Such lack of precision does not enable individuals to be apprised of the extent oftheir rights and obligations deriving from Article 73b of the Treaty. That being so,the system established is contrary to the principle of legal certainty.

    The answer to the question submitted must therefore be that Article 73d(1)(b) ofthe Treaty must be interpreted as precluding a system of prior authorisation fordirect foreign investments which confines itself to defining in general terms theaffected investments as being investments that are such as to represent a threat topublic policy and public security, with the result that the persons concerned areunable to ascertain the specific circumstances in which prior authorisation isrequired.


    The costs incurred by the French and Greek Governments and by the Commission,which have submitted observations to the Court, are not recoverable. Since theseproceedings are, for the parties to the main action, a step in the proceedingspending before the national court, the decision on costs is a matter for that court.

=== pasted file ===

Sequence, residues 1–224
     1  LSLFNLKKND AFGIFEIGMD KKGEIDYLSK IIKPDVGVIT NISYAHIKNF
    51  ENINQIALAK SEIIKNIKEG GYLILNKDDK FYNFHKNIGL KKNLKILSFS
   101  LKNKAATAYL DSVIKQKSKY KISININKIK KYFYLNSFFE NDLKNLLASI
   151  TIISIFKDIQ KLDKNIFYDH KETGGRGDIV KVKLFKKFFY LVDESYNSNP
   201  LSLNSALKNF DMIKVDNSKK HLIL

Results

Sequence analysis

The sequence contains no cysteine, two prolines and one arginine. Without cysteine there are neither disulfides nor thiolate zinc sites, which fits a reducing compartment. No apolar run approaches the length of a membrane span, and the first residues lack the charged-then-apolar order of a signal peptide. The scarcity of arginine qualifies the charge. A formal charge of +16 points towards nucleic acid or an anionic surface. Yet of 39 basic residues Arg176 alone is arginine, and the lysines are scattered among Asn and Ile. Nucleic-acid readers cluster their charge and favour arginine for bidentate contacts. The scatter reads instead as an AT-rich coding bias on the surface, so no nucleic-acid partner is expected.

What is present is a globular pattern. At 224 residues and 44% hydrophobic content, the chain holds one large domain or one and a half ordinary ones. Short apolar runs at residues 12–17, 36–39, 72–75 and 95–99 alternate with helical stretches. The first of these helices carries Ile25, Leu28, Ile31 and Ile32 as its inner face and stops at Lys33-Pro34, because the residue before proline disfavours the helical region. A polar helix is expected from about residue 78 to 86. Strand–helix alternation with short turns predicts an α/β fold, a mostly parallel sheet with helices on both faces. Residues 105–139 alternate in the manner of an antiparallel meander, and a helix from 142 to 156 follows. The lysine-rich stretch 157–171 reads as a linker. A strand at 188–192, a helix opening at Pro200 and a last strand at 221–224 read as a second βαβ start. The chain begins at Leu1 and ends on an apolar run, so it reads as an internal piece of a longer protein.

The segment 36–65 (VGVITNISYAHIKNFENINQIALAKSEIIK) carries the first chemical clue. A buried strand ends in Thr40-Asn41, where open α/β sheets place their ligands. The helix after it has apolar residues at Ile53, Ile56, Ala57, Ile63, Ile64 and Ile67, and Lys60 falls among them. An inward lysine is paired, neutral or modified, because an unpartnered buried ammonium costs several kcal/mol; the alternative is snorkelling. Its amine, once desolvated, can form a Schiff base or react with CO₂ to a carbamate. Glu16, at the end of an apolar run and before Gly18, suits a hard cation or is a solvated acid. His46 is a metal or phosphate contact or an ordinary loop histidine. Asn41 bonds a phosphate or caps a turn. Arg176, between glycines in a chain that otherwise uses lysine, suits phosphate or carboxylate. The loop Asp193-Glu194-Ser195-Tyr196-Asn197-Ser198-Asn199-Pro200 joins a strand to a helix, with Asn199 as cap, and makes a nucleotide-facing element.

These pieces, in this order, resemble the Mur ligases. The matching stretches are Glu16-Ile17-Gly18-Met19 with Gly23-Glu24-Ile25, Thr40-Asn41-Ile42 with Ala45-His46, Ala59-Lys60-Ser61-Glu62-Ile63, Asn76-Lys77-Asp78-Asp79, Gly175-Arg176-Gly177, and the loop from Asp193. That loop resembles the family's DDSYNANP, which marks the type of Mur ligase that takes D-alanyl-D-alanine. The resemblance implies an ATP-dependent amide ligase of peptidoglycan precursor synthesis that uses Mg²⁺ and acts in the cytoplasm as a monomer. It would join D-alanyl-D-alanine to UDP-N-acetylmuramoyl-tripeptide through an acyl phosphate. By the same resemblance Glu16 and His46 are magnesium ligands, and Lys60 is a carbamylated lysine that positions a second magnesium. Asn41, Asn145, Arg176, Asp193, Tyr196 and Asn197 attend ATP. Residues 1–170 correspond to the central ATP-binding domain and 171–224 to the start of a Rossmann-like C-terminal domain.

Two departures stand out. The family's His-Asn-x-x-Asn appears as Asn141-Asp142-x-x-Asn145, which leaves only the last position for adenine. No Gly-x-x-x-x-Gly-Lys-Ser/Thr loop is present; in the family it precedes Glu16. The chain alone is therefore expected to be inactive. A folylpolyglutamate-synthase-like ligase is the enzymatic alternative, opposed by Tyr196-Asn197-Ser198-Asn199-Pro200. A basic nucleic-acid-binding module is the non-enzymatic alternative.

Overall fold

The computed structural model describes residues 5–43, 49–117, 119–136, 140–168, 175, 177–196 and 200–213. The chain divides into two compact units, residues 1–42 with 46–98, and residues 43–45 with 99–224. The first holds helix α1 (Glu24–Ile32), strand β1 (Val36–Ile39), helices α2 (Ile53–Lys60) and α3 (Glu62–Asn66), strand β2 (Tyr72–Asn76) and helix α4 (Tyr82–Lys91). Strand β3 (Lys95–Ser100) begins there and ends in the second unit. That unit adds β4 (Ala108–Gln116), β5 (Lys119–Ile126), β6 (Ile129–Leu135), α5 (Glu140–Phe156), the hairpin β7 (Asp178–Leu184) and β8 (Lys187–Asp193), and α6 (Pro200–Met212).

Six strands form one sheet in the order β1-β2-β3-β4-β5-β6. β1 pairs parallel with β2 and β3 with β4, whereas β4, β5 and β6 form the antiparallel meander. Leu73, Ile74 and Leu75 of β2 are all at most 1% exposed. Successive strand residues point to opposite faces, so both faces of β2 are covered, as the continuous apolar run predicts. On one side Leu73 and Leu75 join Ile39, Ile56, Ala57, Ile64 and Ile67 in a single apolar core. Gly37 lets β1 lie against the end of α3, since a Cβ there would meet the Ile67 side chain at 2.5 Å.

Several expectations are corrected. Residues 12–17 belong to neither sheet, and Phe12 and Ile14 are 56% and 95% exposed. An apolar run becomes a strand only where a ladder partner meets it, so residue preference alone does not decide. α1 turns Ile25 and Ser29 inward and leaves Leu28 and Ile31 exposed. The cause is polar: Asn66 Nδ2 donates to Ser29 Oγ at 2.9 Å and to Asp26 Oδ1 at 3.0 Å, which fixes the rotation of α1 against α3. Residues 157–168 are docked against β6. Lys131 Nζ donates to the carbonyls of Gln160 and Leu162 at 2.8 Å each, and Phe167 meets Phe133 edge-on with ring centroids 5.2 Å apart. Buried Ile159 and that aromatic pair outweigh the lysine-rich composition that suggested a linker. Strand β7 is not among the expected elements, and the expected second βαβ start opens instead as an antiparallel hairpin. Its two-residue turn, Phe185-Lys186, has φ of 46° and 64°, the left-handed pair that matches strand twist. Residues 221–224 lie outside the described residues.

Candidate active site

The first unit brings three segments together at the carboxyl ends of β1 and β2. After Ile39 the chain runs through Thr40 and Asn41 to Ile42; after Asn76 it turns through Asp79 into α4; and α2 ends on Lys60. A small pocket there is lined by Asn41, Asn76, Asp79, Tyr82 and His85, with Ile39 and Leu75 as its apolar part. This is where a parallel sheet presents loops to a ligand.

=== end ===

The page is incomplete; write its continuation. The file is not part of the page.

On those grounds,


in answer to the question referred to it by the Conseil d'État by decision of6 January 1999, hereby rules:

Article 73d(1)(b) of the EC Treaty (now Article 58(1)(b) EC) must be interpretedas precluding a system of prior authorisation for direct foreign investments whichconfines itself to defining in general terms the affected investments as beinginvestments that are such as to represent a threat to public policy and publicsecurity, with the result that the persons concerned are unable to ascertain thespecific circumstances in which prior authorisation is required.

Rodríguez Iglesias
Moitinho de Almeida





            Wathelet                        Skouris

Delivered in open court in Luxembourg on 14 March 2000.

R. Grass

G.C. Rodríguez Iglesias



1: Language of the case: French.